The regulators have provided issuers and investors with a responsive, fair and efficient securities market, using cutting-edge technology, and providing local and foreign investors access to the Nigerian securities market in an environment of a strong regulatory framework and reliable trading and settlement systems.

The NSE currently has a more attractive portfolio of services and products, although investors have maintained a strong appetite for equities.

Investors who spoke with The Guardian on the development argued that investors’ confidence in the market would remain low until the government focused more on policies that would boost liquidity and make the market thrive for both local and foreign investors.

They maintained that Nigeria’s natural endowments still make it a very attractive investment destination, which must be strategically supported by well-thought-out policies.

Furthermore, investors complained that while the regulators and stockbrokers have been working hard to create new products to fast-track growth, the buy-side of the market remained weak, especially from the local investor.

An independent investor, Amaechi Egbo, pointed out that due to investors’ apathy, supply is presently outstripping demand for shares in the market.

He argued that without favourable monetary and fiscal policies from the government and other positive macroeconomic variables, the impact of such investor friendly policies may not be felt in the market.

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Egbo also called for consistency with the foreign exchange (FX) policy in line with global best practices, adding that it is the local investors who ultimately will bring stability to the equity market.

“One thing is certain if the shares are there and no one is picking them, of course, the market will be depressed and that is what we are seeing in the market presently.

“Generally, in the economy, there is no liquidity and the foreign investors that left the market are not coming back. So I see the issue of supply over stripping demand. Secondly, there is also the non-availability of a fund to buy shares in the stock market.

“The issue of FX which the government is currently addressing is a big problem if not sustained. For foreign investors, if the exchange rate is not favourable to them, they will withhold their money and wait till the exchange rate is stabilised, a rate that is a true reflection of what is happening in the economy.”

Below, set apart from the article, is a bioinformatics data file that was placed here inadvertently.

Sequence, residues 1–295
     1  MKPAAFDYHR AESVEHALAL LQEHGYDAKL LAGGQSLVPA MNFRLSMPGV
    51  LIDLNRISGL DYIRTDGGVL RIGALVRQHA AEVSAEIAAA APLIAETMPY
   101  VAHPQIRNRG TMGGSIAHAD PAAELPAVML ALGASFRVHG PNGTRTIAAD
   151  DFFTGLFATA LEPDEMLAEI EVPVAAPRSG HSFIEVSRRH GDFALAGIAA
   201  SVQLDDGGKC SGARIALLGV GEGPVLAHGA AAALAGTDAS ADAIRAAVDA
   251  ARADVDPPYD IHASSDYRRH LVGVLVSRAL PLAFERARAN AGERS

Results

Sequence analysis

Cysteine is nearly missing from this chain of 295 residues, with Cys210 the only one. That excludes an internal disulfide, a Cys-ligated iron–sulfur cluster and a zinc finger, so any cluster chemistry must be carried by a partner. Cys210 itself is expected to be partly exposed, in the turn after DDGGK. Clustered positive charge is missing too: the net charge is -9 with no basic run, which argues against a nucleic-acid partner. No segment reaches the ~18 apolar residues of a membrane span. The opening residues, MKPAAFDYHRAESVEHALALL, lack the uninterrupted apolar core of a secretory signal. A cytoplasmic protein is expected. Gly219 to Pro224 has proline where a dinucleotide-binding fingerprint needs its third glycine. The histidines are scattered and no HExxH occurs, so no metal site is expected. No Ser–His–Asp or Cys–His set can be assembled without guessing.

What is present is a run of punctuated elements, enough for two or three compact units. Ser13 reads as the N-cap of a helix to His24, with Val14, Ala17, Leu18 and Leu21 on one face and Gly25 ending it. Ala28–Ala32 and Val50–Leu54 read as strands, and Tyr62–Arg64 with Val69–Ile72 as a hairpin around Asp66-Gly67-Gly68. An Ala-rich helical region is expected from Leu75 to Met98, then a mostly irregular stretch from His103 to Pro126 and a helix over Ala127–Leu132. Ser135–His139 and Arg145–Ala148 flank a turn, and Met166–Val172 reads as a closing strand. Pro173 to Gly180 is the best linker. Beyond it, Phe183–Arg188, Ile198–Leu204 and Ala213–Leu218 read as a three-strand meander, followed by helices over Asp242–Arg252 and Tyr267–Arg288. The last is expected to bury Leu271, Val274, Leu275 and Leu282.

President, Standard Shareholders Organisation, Godwin Anono, said unless government and regulators ‘wielded the big stick’ on firms that reneged on the promise to list their shares on the NSE secondary market after undertaking private placement estimated at N700 billion during the boom period, the problem of illiquidity may persist.

According to him, companies that had undertaken private placement during the boom have tied down investors’ funds without listing the shares on the exchange to generate returns as stated in the prospectuses.

He noted that this has created many liquidity problems for the equities segment and further depressed the market, as these retail investors do not have the purchasing power to patronise the market.

Anono argued that if part of the money is recovered and deployed to the stock market, the bourse would have the needed funds to spur activities in the market, attract more investors and bolster the economy.

The President, Pragmatic Shareholders Association of Nigeria, Bisi Bakare noted that where supply is more than demand automatically prices would drop.

She said although the market capitalisation has improved but added that the growth is not all-inclusive as only a few dominating stocks with high capitalisation are recording price appreciation while others had remained stagnant over the years.